When it comes to blocking malware, Microsoft's Internet Explorer 9 seems to come out on top, by leaps and bounds, over other browsers.
Tests by NSS Labs to "examine the ability of five different web browsers to protect users from socially-engineered malware" showed that IE9 was able to block this kind of threat 99 percent of the time, beating out Apple Safari 5, Google Chrome 12, Mozilla Firefox 4 and Opera 11.
(Msnbc.com is a joint venture of Microsoft and NBC Universal.)
The closest another Web browser got to that blocking-the-bad stuff rate was Chrome, at a very distant 13.2 percent. At the low end of the blockers was Opera, with a 6.1 percent rate.
NSS also tested socially engineered malware targeted at users in Asia Pacific and in Europe and found IE9 again seemed to blow the others away, with a 95 percent mean block rate in Asia and 92 percent in Europe. Chrome was again second, with a 15.4 percent block rate in Asia being its highest score. Opera again finished last.
NSS gave particular props to IE9's SmartScreen technology, which is designed to stop the attacks before they can infiltrate the browser. SmartScreen can do one of three actions: Allow direct access to the website (as long as it "has high traffic and no history of hosting any phishing scams or malware"), block the link or directs the user to a page with more information, allowing them the choice of whether to proceed.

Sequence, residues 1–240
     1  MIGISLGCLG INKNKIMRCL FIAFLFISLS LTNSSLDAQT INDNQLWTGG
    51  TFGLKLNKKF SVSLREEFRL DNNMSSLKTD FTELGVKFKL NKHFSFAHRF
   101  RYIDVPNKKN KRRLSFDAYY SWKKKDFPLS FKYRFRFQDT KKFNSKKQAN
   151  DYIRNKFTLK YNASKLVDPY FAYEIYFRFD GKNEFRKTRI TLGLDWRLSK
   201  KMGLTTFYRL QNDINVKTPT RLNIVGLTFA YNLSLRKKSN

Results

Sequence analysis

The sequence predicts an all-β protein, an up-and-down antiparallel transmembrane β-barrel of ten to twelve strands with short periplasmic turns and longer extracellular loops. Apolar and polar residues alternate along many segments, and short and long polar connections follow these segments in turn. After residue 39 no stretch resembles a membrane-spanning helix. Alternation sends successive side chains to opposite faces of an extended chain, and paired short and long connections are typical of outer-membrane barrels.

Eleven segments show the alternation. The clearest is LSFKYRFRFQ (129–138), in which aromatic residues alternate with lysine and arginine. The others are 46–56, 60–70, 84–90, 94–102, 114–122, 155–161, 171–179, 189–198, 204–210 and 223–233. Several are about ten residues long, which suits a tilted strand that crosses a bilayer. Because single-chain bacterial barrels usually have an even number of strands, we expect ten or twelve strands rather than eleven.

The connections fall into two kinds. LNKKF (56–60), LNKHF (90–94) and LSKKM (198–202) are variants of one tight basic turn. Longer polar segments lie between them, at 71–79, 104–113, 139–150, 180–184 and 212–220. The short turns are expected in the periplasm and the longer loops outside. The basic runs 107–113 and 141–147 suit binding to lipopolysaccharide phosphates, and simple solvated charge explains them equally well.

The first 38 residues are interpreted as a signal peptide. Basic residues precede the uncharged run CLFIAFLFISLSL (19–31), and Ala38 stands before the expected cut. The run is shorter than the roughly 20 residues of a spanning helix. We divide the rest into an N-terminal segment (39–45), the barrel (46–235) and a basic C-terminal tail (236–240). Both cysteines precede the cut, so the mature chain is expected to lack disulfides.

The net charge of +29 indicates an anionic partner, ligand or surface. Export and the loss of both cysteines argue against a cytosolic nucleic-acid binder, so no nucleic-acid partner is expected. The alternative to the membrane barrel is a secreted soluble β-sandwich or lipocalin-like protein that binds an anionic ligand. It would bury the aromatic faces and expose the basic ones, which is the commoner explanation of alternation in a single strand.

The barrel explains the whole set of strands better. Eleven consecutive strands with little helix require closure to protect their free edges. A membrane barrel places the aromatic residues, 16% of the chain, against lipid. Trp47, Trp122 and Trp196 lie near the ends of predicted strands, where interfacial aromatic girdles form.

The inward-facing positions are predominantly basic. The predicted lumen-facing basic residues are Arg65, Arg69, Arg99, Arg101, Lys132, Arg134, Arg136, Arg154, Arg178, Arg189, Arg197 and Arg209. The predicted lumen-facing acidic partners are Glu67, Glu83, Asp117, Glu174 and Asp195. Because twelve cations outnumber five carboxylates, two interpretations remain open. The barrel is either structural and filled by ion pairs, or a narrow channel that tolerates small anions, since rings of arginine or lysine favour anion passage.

While these findings might seem to give a boost to IE9, which had 2.3 million downloads in the first 24 hours of its March release, its impact on the general population may be miniscule given how popular the other browsers are. Mozilla Firefox 4, for instance, already quickly surpassed IE9's first day downloads, with 7.1 million, only about a week after IE9's debut.
Citing HitsLink, The Next Web put this in context by revealing IE9 only inhabits 6.8 percent of the total browser market. On the other hand, its predecessor, IE8, controls the Web browser market with a 29.23 percent share. (Chrome has almost 11.2 percent and Firefox 5.0 has 10.4 percent.)
Nevertheless, the Exploring IE blog was quick to laud the findings, adding that since another NSS report that came out in October, "the average time taken by SmartScreen filter to block a threat has gotten 28 percent faster — and if Application Reputation is considered, then the average time has improved by 85 perecent. Not only has the effectiveness of the technology improved, but so has the speed at which it is able to identify socially engineered malware."
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